Modeling statistics ITAs’ speaking performances in a certification test

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Zhou, Ziwei
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Ockey, Gary
Froelich, Amy
Vajjala, Sowmya
Cotos, Elena
Levis, John
Committee Member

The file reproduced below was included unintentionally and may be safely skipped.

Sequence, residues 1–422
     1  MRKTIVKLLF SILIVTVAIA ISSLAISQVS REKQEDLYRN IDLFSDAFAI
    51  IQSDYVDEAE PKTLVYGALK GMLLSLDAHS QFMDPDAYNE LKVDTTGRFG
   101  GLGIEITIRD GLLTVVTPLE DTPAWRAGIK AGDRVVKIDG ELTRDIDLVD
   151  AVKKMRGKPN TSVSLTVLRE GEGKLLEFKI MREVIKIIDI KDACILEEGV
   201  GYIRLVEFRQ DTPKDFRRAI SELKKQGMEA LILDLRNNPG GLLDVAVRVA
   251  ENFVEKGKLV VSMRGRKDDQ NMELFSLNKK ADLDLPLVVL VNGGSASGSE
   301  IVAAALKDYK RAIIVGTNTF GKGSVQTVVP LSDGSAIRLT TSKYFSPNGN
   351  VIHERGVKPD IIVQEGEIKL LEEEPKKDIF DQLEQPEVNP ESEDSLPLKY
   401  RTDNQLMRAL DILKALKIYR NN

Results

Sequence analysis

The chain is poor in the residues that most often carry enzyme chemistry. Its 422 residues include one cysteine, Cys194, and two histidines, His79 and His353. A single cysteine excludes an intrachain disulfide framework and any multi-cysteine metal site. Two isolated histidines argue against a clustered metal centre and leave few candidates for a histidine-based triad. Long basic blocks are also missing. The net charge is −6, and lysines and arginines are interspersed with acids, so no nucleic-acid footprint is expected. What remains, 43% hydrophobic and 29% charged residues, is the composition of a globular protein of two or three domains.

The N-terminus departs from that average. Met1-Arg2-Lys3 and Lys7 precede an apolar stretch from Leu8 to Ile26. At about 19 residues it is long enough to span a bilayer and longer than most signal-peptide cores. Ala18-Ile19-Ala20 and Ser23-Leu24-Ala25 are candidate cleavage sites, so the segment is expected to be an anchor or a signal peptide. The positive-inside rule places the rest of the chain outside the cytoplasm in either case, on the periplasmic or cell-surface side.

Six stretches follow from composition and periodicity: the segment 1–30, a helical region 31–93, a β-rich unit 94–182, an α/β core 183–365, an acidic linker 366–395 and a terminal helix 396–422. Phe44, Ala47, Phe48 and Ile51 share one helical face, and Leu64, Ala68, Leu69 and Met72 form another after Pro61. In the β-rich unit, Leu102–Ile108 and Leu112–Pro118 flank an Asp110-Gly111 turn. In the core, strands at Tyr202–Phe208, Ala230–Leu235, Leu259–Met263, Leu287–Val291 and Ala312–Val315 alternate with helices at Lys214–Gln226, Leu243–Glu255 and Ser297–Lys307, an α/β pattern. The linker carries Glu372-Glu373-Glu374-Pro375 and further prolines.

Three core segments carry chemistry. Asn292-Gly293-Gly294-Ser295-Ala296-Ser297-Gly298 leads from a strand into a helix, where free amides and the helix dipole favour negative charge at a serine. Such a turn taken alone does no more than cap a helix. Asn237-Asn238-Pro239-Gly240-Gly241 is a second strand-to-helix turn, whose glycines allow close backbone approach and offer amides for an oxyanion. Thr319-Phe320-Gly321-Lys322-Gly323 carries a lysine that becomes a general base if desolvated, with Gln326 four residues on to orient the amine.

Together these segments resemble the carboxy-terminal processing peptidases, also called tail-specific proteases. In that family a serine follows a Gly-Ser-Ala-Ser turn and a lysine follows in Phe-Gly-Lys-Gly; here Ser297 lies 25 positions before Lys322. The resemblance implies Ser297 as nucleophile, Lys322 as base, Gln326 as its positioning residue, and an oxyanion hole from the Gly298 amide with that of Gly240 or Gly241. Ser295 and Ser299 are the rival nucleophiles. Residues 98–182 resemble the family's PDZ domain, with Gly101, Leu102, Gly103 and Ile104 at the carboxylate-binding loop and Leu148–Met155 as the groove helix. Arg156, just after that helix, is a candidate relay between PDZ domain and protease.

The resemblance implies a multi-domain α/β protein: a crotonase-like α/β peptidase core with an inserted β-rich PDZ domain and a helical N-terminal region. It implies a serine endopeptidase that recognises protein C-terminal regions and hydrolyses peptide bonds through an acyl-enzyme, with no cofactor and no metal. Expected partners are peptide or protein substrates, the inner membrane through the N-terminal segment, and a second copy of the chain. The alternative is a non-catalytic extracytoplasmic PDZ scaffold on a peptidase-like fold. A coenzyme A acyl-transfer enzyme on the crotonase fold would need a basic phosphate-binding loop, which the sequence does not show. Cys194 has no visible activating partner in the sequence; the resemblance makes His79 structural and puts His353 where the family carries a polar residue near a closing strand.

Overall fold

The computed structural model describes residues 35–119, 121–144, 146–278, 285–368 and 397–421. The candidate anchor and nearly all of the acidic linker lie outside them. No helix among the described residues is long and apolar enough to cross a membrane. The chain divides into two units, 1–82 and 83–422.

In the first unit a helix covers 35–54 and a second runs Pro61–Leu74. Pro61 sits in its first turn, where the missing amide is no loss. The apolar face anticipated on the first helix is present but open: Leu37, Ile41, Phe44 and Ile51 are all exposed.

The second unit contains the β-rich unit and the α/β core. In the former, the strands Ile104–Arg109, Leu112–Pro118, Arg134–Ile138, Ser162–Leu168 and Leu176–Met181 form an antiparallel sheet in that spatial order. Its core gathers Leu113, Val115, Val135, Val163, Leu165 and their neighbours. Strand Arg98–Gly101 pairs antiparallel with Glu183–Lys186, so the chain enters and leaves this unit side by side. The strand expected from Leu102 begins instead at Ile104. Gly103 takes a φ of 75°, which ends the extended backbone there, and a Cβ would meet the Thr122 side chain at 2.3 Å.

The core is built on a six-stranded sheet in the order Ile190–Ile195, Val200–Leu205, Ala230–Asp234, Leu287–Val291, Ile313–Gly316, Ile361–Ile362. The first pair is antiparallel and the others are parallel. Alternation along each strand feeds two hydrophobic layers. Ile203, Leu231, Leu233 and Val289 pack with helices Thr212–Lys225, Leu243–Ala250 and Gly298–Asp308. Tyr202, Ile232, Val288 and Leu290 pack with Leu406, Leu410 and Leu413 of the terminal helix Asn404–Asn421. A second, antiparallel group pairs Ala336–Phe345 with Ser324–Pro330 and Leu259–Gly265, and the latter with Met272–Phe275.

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In light of the ever-increasing capability of computer technology and advancement in speech and natural language processing techniques, automated speech scoring of constructed responses is gaining popularity in many high-stakes assessment and low-stakes educational settings. Automated scoring is a highly interdisciplinary and complex subject, and there is much unknown about the strengths and weaknesses of automated speech scoring systems (Evanini & Zechner, 2020). Research in automated speech scoring has been centralized around a few proprietary systems owned by large testing companies. Consequently, existing systems only serve large-scale standardized assessment purposes. Application of automated scoring technologies in local assessment contexts is much desired but rarely realized because the system’s inner workings have remained unfamiliar to many language assessment professionals. Moreover, assumptions about the reliability of human scores, on which automated scoring systems are trained, are untenable in many local assessment situations, where a myriad of factors would work together to co-determine the human scores. These factors may include the rating design, the test takers’ abilities, and the raters’ specific rating behaviors (e.g., severity/leniency, internal consistency, and application of the rating scale). In an attempt to apply automated scoring procedures to a local context, the primary purpose of this study is to develop and evaluate an appropriate automated speech scoring model for a local certification test of international teaching assistants (ITAs). To meet this goal, this study first implemented feature extraction and selection based on existing automated speech scoring technologies and the scoring rubric of the local speaking test. Then, the reliability of the human ratings was investigated based on both Classical Test Theory (CTT) and Item Response Theory (IRT) frameworks, focusing on detecting potential rater effects that could negatively impact the quality of the human scores. Finally, by experimenting and comparing a series of statistical modeling options, this study investigated the extent to which the association between the automatically extracted features and the human scores could be statistically modeled to offer a mechanism that reflects the multifaceted nature of the performance assessment in a unified statistical framework. The extensive search for the speech or linguistic features, covering the sub-domains of fluency, pronunciation, rhythm, vocabulary, grammar, content, and discourse cohesion, revealed that a small set of useful variables could be identified. A large number of features could be effectively summarized as single latent factors that showed reasonably high associations with the human scores. Reliability analysis of human scoring indicated that both inter-rater reliability and intra-rater reliability were acceptable, and through a fine-grained IRT analysis, several raters who were prone to the central tendency or randomness effects were identified. Model fit indices, model performance in prediction, and model diagnostics results in the statistical modeling indicated that the most appropriate approach to model the relationship between the features and the final human scores was a cumulative link model (CLM). In contrast, the most appropriate approach to model the relationship between the features and the ratings from the multiple raters was a cumulative link mixed model (CLMM). These models suggested that higher ability levels were significantly related to the lapse of time, faster speech with fewer disfluencies, more varied and sophisticated vocabulary, more complex syntactic structures, and fewer rater effects. Based on the model’s prediction on unseen data, the rating-level CLMM achieved an accuracy of 0.64, a Pearson correlation of 0.58, and a quadratically-weighted kappa of 0.57, as compared to the human ratings on the 3-point scale. Results from this study could be used to inform the development, design, and implementation for a prototypical automated scoring system for prospective ITAs, as well as providing empirical evidence for future scale development, rater training, and support for assessment-related instruction for the testing program and diagnostic feedback for the ITA test takers.